Spring Training Teasers: Couch Side’s top five Designated Hitters for 2012
BY BRANDON J. SMITH, Couchsideshow.com writer
Designated hitter isn’t an easy position to play, even though in theory you’d think it would be. You can relax during the fielding portion of the game, and wait your turn to hit.
Historically this hasn’t been proven true. DH requires an adjustment that most everyday players will struggle to adapt, as it requires a different routine both mentally and physically. Some guys are cut out for it, some aren’t. And now, with the position being used to utilize platoon matchups, there are very few full time DHs. Thankfully there are enough to put together a top five list, so enjoy.
The rookie slugger was dealt this offseason from the Yankees to the Mariners for young flamethrower Michael Pineda, a rare trade of raw talent for raw talent. All the reports over the last several years indicated that Montero didn’t have what it took to be a full-time catcher, and was projected as a DH going forward. He moves from a friendly hitting park in the Bronx to the spacious and cavernous Safeco Field. Montero has power to all fields and most importantly, the opposite field as a right handed batter. The projection system ZiPS says that Montero will hit .257/.322/.438 with 21 home runs and 68 RBI. Consider the fact that Montero will be facing tough competition in Los Angeles and Texas, having to hit the majority of his games in a tough park, and the fact that the Mariners have ranked last in runs scored in the AL the past three seasons. Either way, Montero should far appropriately in his first go around, maybe not Eric Hosmer good, but still good.
Yes, we know that Dunn had one of the worst seasons in recent memory (any way you slice it; a .159 batting average is wretched.) Dunn has been pretty easy to project throughout his career; he strikes out at a high rate, walks at a high rate, and hits around 40 homers per season. Take the good with the bad and he’s been a reliable run producer for the first 10 years of his career with the Reds and Nationals. A move to the White Sox and a permanent DH position didn’t aide his usual stats, but a lack of adjustment in all phases of his game produced a pathetic 11 home runs in nearly 500 plate appearances. What’s even stranger is that he had 75 walks to 66 hits! I wonder how often that happens. Is there hope on the horizon for Mr. Dunn? We believe so, as these types of drastic regressions hardly ever happen, so you’d think and hope it was an exaggerated fluke season. If the law of averages equal out, Dunn should return to a semblance of his former self.
If there was one overrated storyline with the Rangers last season, it was how Young was praised and lauded as the Derek Jeter of his team. Of course, many easily forgot and conveniently ignored that he demanded a trade after learning he was going to be moved to DH, because that’s what classy players do, right? Either way, Young is by process of elimination the third best DH in the game right now because he has the benefit of being a hit machine in an excellent lineup. Now when I say hit machine I don’t mean silver slugger or anything, but a line drive hitter who gives you around 200 hits per season, and bats around .300 with an average OBP. For a traditional DH it’s not what you pay for due to Young’s lack of power, but in that lineup with players like Josh Hamilton, Mike Napoli and Nelson Cruz to supply the long balls, Young is not required to be the big bopper. One would expect him to play some first base as well, which he did in the World Series when the games were in St. Louis, but don’t expect Mitch Moreland to sit, barring injury. If you want a high batting average and 100 RBI, Young is an adequate solution for your fantasy team.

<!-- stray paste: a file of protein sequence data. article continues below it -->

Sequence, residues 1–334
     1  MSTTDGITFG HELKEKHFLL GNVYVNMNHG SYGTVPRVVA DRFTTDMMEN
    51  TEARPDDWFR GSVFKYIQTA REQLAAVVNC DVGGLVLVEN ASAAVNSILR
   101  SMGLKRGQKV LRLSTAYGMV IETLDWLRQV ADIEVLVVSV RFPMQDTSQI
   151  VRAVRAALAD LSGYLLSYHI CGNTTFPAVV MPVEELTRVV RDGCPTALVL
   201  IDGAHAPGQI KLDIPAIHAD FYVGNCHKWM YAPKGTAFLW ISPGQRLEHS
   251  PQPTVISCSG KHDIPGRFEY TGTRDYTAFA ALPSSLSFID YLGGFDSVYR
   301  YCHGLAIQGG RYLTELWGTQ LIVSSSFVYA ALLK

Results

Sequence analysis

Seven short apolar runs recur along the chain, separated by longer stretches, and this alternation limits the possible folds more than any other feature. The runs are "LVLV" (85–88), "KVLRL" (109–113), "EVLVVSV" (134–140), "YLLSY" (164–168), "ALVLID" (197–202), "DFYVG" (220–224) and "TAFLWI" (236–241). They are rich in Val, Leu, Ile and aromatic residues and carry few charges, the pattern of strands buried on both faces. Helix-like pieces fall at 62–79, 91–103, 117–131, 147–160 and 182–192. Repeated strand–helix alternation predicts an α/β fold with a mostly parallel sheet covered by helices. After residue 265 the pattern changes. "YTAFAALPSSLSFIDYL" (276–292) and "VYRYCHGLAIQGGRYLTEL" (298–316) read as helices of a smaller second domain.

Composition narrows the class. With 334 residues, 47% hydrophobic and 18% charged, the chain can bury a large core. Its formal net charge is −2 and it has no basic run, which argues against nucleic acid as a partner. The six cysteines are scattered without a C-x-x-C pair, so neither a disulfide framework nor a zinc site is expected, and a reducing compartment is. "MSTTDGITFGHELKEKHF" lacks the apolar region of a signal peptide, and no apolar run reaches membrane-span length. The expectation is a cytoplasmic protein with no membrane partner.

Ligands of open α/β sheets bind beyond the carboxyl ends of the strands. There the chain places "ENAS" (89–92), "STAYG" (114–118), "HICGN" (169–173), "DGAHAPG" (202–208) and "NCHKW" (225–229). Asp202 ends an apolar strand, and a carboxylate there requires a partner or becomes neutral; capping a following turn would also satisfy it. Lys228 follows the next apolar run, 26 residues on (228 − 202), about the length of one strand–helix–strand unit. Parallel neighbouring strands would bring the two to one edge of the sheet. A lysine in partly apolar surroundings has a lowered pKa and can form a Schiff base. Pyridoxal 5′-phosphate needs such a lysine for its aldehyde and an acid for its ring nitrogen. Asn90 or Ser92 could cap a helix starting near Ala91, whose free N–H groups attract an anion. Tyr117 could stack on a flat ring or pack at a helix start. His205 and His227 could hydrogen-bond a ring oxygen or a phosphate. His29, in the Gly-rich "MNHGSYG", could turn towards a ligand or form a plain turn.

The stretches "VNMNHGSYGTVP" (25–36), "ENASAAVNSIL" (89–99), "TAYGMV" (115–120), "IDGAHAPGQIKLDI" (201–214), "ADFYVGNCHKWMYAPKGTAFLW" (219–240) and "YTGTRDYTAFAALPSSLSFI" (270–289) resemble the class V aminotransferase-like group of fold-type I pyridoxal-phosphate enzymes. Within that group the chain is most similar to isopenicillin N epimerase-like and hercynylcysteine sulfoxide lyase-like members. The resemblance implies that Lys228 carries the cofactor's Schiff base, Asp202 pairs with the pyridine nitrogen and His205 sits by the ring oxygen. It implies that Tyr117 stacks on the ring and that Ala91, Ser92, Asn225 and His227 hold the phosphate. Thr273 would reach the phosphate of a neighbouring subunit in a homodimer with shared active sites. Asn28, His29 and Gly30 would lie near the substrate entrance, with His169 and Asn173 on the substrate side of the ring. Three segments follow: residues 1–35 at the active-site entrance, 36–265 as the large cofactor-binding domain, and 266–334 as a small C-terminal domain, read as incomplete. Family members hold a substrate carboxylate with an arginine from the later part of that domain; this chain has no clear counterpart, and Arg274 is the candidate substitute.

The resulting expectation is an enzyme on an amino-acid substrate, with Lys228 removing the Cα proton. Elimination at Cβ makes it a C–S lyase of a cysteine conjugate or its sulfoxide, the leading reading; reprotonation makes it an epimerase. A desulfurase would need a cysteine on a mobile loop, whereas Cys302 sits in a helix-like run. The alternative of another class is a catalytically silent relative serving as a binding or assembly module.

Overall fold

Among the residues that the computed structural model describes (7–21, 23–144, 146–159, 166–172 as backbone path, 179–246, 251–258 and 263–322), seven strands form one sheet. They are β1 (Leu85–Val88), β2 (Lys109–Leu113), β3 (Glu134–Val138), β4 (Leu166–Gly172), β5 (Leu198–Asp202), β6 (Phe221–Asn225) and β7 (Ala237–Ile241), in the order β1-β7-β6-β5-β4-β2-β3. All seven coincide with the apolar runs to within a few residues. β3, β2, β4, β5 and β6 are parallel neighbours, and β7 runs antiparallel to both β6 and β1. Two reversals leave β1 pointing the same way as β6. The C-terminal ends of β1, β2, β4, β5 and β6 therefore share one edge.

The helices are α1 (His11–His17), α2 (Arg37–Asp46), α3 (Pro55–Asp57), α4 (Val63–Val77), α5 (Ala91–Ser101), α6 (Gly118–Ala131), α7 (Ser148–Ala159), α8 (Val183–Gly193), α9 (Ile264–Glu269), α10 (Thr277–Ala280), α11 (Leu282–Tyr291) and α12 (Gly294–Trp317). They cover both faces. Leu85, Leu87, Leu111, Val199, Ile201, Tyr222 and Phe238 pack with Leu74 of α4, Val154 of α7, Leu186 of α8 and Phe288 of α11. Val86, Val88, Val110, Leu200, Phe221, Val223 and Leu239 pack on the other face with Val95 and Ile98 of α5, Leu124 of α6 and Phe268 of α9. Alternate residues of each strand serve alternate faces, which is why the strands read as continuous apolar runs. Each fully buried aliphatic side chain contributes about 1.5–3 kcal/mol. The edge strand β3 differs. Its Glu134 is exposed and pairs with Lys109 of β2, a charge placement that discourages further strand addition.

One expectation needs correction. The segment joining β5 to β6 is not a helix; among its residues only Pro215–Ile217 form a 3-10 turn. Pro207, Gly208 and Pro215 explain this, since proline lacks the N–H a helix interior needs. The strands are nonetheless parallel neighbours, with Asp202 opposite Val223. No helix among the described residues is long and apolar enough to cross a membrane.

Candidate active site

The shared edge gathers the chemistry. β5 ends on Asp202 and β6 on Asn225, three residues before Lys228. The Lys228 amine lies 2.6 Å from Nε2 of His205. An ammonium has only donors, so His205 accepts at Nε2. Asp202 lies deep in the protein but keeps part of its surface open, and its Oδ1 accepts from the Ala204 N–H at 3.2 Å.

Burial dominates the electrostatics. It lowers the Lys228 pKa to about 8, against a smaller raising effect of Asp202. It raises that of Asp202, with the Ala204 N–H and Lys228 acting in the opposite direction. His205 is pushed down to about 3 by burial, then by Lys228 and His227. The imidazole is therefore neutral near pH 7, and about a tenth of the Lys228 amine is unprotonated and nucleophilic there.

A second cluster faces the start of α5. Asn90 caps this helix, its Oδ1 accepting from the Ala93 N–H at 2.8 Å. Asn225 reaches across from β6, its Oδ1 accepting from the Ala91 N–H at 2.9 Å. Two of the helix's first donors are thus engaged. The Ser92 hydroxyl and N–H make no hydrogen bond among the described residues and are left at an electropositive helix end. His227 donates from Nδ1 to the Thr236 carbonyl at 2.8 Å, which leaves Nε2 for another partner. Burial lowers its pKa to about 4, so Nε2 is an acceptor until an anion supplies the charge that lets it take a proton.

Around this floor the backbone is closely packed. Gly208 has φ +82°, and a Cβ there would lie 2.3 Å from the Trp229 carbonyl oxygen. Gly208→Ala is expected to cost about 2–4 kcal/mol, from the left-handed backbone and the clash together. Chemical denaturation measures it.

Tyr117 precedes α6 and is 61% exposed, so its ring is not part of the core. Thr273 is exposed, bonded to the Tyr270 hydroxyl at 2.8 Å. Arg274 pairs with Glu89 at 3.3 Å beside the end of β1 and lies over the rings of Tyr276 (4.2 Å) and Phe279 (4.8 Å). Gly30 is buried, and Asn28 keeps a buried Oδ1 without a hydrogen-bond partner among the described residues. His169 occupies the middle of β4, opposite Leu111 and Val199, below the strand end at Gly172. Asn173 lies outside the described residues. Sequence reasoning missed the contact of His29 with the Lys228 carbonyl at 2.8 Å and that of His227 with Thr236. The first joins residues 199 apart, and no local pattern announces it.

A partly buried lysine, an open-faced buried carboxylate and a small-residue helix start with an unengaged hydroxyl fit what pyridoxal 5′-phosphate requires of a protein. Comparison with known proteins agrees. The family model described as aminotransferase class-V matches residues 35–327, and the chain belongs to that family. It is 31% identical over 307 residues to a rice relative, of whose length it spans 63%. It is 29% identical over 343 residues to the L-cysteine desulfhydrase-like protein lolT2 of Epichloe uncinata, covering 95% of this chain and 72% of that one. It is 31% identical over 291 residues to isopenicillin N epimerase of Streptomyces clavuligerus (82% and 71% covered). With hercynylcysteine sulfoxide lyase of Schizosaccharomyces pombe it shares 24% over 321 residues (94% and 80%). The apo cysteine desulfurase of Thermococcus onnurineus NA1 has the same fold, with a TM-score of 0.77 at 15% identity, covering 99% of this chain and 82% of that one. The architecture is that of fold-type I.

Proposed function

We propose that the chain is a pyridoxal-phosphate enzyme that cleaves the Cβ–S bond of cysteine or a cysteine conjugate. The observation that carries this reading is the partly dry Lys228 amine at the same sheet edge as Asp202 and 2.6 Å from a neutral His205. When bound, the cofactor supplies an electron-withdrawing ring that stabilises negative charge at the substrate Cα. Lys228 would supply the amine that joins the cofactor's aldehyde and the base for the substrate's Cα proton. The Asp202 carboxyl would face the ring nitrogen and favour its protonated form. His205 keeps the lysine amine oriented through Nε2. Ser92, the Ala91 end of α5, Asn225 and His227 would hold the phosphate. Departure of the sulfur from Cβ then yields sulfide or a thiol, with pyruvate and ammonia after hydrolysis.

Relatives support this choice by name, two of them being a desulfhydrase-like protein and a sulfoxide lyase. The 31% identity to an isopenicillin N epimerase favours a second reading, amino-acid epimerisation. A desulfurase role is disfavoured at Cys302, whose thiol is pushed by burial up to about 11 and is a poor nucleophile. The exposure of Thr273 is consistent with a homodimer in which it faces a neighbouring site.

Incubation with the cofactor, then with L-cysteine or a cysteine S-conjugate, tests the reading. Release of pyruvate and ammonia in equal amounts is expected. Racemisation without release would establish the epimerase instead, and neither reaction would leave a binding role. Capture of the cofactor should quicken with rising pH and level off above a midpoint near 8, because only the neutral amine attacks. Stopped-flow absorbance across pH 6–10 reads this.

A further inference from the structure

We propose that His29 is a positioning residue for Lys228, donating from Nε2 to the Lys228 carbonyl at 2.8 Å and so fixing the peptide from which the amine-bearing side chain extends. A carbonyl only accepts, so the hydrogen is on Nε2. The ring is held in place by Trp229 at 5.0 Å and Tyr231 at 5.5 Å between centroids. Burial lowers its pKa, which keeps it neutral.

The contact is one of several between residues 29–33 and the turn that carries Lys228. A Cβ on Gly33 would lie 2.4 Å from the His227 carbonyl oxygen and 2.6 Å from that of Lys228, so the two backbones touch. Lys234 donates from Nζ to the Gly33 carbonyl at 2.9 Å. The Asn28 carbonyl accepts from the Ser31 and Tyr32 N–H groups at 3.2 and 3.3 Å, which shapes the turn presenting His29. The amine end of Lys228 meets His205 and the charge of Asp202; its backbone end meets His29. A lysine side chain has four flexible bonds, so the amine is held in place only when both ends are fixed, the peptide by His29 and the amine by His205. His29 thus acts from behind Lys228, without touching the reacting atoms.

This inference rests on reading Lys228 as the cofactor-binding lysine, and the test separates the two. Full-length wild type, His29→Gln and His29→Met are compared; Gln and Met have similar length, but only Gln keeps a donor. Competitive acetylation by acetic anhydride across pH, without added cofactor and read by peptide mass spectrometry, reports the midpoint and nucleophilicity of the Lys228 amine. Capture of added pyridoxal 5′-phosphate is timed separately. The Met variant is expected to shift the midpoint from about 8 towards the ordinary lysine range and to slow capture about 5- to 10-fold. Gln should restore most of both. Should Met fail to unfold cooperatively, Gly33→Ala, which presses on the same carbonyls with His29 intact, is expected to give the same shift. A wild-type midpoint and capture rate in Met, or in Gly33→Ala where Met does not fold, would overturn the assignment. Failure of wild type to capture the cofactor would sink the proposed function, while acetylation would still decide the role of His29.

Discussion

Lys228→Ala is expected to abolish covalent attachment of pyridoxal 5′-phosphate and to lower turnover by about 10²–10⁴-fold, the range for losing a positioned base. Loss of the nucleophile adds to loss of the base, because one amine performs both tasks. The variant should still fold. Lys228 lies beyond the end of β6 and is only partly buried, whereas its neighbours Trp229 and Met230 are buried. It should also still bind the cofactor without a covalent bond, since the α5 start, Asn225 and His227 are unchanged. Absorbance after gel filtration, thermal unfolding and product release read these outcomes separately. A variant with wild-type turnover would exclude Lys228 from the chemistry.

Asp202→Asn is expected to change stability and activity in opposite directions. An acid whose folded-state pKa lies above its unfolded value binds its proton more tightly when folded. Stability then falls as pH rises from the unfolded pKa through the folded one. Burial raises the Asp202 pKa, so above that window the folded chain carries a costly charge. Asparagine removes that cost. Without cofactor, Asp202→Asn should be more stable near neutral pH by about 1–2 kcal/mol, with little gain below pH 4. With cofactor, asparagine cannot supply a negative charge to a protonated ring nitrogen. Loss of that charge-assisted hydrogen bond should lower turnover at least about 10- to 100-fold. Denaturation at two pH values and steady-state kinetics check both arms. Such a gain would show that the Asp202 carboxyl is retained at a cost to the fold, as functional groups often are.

The Royals are rising, if to sound cliché. They have a young core of sluggers coming up with some already established, and others on the way. If there’s any one team to challenge for the AL Central title over the next 5 years, Kansas City has set themselves up perfectly to accomplish it. In the middle of this developing period is DH Billy Butler, one of the most underrated and overlooked hitters in the game. At this point you could consider him a younger and better Michael Young. He already does everything Young can do, and better. He’s a career .297/.360/.458 hitter at age 25 averaging 20 home runs per season at the moment, which is good, but Butler has the ability to take a step forward and push that total beyond 25. The projections however, do not feel as optimistic as The Couch Side does in terms of Butler’s power, with only 19 dingers predicted, equaling his total from last season. We wouldn’t necessarily begrudge those numbers, because Kauffman stadium is not a hitters paradise.
It’s fairly obvious to us and everyone else that Big Papi is the premier DH in the game. He’s already the all-time leader in DH home runs, but not historically the best overall hitter (that honor belongs to Edgar Martinez, possibly forever) at the position. Regardless, Papi has been a dominant and elite slugger ever since he nonchalantly signed with the Red Sox in 2003. Clearly then GM Theo Epstein knew something that everyone else didn’t, and Ortiz quickly developed into a Boston legend. He’s aged extremely well, putting up an 162-game average of 35 home runs and 118 RBI, which is production that the DH was made for. Over the past few seasons and some rough Aprils, many Bostonians and media types declared that Papi was done, but he would continually bounce back and put up his usual numbers, which goes to show that slow starts don’t always mean bad finishes.
So there you have it, the top five Designated Hitters in baseball.